6. Jimmy Garoppolo (Eastern Illinois)
Garoppolo is the classic small school kid who could rise up the draft boards due to good size, pocket awareness and a nice, quick release. Garoppolo has an ease and fluidity about him and was extremely productive in college. With that said, he definitely needs work on his fundamentals (footwork, reads) and needs to make better decisions (forces passes at times). Playing against weak competition doesn’t help his case to rise much up these ranks, but he’s absolutely an interesting prospect with some decent upside.
7. A.J. McCarron (Alabama)
Not blessed with great arm strength, physical ability or numbers, McCarron is in that long line of college passers who seem to be a gamer and simply know how to win. He exudes confidence and is a tremendous leader and closer, while actually has a better arm than he’s given credit for. McCarron lacks any real flash, but he doesn’t take unnecessary risks, has ideal size and has proven he knows how to win. He’s clearly underrated due to less than stellar physical ability, however, so he could be a steal as early as round two. Then again, a lot of his game also screams career backup. With that said, McCarron is an NFL quarterback in at least some regard thanks to his preparation and football IQ. Unlike similar prospects in the past like Greg McElroy or Kellen Moore, he actually has an above average arm and has put up some decent numbers in high profile games.
8. Tom Savage (Pittsburgh)
Savage has been getting an insane amount of buzz due to ideal NFL size and what some call this draft’s “best arm”. Savage has been referred to as an “arm talent” and with solid overall pocket presence, he figures to be a prospect worth working on in the early to middle rounds, rather than just a flier late in the draft. With that said, Savage’s pocket awareness was extremely shaky in 2013 and another main knock has been his questionable decision-making at times. He’ll be drafted higher than most think thanks to his size and arm alone.
9. Aaron Murray (Georgia)
Murray is easily one of the most underrated passing prospects in this year’s draft, as he has proven to be a bit of a gamer against tough competition, while he also possesses good arm strength and a nice delivery, while also bringing experience operating out of a pro style system. The downside for Murray is largely to do with his size (6’1″), although his ability to get rid of the football from a variety of release points makes this less of an issue, much like it does for Manziel. Murray’s stock has also taken a slight hit due to a knee injury, but has actually been quite good against tough SEC opponents and outside of his size limitations appears to have all the physical tools needed to succeed at the next level.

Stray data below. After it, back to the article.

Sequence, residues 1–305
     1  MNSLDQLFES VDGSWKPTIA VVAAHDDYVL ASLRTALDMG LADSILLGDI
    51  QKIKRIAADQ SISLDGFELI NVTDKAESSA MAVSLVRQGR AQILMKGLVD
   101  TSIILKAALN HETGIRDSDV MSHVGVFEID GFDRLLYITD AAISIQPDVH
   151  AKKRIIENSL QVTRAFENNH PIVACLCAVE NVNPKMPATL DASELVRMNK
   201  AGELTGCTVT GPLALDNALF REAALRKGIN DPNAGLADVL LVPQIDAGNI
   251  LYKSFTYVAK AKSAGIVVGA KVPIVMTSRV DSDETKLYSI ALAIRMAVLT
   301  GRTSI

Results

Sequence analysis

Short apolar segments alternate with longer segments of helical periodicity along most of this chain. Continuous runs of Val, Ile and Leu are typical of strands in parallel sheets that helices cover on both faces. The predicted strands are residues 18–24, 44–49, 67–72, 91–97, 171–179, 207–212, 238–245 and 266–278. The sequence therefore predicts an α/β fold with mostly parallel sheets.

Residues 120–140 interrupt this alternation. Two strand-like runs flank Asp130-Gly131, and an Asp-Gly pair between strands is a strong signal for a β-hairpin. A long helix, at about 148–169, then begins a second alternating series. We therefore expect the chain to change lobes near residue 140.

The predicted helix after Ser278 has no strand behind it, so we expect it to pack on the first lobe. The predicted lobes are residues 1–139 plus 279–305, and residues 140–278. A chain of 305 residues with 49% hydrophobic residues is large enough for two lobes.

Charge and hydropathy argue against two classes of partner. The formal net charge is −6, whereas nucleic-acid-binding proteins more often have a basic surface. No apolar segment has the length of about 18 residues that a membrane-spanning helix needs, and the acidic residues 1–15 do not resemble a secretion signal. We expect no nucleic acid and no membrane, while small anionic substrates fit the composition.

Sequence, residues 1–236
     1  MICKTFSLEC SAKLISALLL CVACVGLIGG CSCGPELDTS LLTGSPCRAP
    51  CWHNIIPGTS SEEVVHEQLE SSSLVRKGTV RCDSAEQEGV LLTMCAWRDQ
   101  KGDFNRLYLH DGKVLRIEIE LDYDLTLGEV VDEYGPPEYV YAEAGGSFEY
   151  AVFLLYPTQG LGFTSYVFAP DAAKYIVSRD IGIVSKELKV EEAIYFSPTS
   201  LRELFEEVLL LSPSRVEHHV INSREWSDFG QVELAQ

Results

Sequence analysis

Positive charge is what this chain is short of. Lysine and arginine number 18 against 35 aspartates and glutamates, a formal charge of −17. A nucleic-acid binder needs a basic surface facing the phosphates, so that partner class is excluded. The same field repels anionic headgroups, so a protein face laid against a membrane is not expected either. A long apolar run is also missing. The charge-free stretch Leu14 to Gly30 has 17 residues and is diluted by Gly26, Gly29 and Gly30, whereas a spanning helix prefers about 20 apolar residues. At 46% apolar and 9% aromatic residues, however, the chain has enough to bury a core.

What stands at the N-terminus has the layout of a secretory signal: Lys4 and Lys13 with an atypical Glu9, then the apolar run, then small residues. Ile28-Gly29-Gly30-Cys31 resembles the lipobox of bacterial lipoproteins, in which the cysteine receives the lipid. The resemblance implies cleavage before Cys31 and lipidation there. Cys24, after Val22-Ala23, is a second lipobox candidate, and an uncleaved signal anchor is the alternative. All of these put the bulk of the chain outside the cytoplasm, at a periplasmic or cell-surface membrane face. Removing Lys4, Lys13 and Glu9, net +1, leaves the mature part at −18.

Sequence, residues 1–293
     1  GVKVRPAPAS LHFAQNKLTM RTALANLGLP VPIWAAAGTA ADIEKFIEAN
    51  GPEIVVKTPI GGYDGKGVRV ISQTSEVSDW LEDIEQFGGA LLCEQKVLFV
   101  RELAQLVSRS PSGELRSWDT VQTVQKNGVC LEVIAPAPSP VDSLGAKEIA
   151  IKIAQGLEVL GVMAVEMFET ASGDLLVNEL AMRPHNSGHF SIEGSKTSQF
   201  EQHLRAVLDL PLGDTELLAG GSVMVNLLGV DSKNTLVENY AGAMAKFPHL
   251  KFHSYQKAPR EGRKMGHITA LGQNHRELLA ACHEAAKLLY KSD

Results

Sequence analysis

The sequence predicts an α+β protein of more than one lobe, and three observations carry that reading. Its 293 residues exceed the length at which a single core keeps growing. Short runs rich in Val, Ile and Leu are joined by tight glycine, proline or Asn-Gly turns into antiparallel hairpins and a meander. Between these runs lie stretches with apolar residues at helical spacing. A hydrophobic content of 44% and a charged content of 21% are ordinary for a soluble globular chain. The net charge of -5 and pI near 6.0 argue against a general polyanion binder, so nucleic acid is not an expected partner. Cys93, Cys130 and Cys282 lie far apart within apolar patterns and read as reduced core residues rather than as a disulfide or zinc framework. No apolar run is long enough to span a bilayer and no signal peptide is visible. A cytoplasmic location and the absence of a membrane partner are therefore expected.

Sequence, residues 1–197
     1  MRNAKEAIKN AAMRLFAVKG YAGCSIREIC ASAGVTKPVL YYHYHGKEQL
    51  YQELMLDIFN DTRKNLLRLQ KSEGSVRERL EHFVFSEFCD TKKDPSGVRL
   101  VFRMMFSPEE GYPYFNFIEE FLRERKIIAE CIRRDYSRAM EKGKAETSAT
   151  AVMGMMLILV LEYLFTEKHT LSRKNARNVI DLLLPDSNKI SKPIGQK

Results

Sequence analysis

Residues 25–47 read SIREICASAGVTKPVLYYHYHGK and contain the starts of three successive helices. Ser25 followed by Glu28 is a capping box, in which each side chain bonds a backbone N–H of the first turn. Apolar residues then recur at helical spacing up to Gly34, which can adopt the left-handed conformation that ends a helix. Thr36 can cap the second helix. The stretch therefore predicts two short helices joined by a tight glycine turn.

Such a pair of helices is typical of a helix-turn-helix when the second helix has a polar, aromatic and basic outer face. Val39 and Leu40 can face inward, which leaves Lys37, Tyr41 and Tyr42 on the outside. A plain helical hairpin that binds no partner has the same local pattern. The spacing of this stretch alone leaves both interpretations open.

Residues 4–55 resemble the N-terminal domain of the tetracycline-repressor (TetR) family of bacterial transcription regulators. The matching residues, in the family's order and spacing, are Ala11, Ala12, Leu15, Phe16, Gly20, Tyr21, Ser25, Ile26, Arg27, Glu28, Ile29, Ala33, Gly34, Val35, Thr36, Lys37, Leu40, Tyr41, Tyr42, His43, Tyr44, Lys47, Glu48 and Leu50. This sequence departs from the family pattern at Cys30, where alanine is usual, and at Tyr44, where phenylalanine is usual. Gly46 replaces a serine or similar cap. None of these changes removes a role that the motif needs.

10. Tajh Boyd (Clemson)
Last, but certainly not least, is arguably the draft’s biggest enigma not named Johnny Football, as Boyd was a top-three quarterback prospect as recent as 2013, but inconsistency has caused his draft stock to plummet. Arguably a bit of a poor man’s Manziel, Boyd packages good play-making ability on the ground and with his legs with good pocket presence and solid arm strength. However, Boyd’s ball placement can be extremely inconsistent at times, while his offense didn’t necessarily ask a lot of him on a regular basis (threw a lot of short passes). A rough showing during the week of the Senior Bowl surely didn’t help his stock. Still, Boyd is definitely not without talent. If teams can overlook his lack of size and infrequent erratic nature, he could easily be a gem plucked off the board middle to late rounds.
*Photo Credit – Heismanziel via Flickr